Temnin el-Foka

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Temnin el-Foka (Arabic: تمنين الفوقا) is a small village in the Baalbek District in Lebanon.


Temnin el-Foqa was created during Roman times, but the original name is unknown. The village is located at nearly 1100 meters of altitude and has a population of one thousand inhabitants. Temnin el-Foka is famous because there it is a Roman nymphaeum. It is close to the spring of Ain el-Jobb.One kilometer above the village along a narrow road leading steeply into the mountains, the nymphaeum is located in a small, protected pine and cypress forest. It is called Ain el-Jeb ("source of the fountain") in Arabic. The Roman sanctuary was partially built into the steep slope above a stream. It consists of a small barrel-vaulted room, in the bottom of which a four-meter deep shaft is bricked vertically downwards. This bends backwards at the bottom and is usually filled with groundwater, at least in winter and spring.In 1838, Eli Smith noted Temnin el-Foka's (or "Temnin the upper") population as being predominantly Metawileh.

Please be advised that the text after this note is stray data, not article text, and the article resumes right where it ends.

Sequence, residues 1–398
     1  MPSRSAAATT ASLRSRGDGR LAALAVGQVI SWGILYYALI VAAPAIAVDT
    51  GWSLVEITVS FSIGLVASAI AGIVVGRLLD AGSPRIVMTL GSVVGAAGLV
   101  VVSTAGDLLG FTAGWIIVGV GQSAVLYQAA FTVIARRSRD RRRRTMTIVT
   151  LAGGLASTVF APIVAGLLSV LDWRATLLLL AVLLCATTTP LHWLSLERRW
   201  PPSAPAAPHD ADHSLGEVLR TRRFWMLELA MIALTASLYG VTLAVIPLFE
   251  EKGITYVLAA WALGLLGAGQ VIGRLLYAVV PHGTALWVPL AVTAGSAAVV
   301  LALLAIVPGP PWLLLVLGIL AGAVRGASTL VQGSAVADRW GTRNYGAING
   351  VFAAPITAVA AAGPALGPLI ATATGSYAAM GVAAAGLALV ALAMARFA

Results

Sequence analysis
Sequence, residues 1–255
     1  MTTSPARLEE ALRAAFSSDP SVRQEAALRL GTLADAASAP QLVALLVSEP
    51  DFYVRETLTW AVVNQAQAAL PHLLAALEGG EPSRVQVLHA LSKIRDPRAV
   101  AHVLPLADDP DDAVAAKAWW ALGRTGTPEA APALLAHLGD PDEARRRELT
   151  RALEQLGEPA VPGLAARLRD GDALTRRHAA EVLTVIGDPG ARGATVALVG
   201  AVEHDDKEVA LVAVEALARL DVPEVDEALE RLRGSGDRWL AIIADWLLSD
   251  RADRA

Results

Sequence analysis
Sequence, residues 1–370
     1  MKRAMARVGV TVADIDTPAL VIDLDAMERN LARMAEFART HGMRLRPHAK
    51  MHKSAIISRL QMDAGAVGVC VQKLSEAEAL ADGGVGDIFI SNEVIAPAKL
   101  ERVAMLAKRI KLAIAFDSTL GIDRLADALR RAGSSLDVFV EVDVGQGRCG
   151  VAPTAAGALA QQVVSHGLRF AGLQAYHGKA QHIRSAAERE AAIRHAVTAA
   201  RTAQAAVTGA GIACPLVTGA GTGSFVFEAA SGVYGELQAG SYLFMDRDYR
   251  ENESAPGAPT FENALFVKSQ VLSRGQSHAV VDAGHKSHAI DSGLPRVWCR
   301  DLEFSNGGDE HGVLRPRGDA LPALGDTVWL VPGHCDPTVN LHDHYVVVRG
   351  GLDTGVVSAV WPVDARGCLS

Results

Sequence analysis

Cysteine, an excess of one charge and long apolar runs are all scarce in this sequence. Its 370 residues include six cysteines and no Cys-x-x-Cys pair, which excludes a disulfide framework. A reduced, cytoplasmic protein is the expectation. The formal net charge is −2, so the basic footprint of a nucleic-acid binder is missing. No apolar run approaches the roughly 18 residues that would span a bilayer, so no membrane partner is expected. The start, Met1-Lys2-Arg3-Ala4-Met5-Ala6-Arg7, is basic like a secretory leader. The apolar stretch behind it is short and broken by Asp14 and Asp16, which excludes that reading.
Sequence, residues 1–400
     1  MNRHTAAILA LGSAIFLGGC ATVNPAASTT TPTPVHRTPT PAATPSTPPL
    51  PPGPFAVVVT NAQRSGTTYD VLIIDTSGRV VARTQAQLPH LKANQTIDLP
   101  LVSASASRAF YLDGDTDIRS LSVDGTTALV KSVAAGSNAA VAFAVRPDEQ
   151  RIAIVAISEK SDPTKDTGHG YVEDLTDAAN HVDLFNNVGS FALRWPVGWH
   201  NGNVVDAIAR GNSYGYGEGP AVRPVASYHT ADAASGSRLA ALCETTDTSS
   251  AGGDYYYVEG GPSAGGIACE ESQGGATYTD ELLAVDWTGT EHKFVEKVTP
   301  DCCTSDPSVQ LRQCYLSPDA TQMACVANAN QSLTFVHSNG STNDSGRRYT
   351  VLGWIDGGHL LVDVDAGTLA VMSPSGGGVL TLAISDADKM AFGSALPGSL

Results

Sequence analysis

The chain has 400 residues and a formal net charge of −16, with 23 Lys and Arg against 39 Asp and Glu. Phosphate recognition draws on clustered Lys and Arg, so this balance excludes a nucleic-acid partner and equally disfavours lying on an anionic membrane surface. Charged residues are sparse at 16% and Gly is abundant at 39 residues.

The Roman nymphaeum

The nymphaeum is an arched watercourse built of large stones that has been constructed 4 metres (13 ft) deep into a hill. It leads to a cistern underground. A gulley has formed at the outflow, where a boundary pillar is carved with the image of a goddess. It resembles a similar cippus at Kafr Zabad. The inner walls consist of four layers of massive, roughly hewn cuboids up to the vault. The top layer is completed by an unfinished cornice. At the rear end there is a slightly raised platform as Adyton. In the small semicircular niche on the back wall there must have been an image of the deity. It was probably a local deity of the flowing water, which can be seen on a stone slab in heavily weathered condition.An ante was attached to the vaulted room in the form of an ante, which ended with an architrave with three fascias (horizontal stripes) and an upper bead. The staircase leads up in the middle between two columns with Corinthian capitals that bear the architrave. The porch is heavily restored, the rectangular portal was supplemented from concrete.Only the vaulted arch and two rows of stones on the side walls were preserved before the restoration. The stone blocks of the side walls were piled up again, the pillars and capitals are largely new. Grooves can be seen in the longitudinal direction on the top of the vault. They may have served as a support for a wooden roof.
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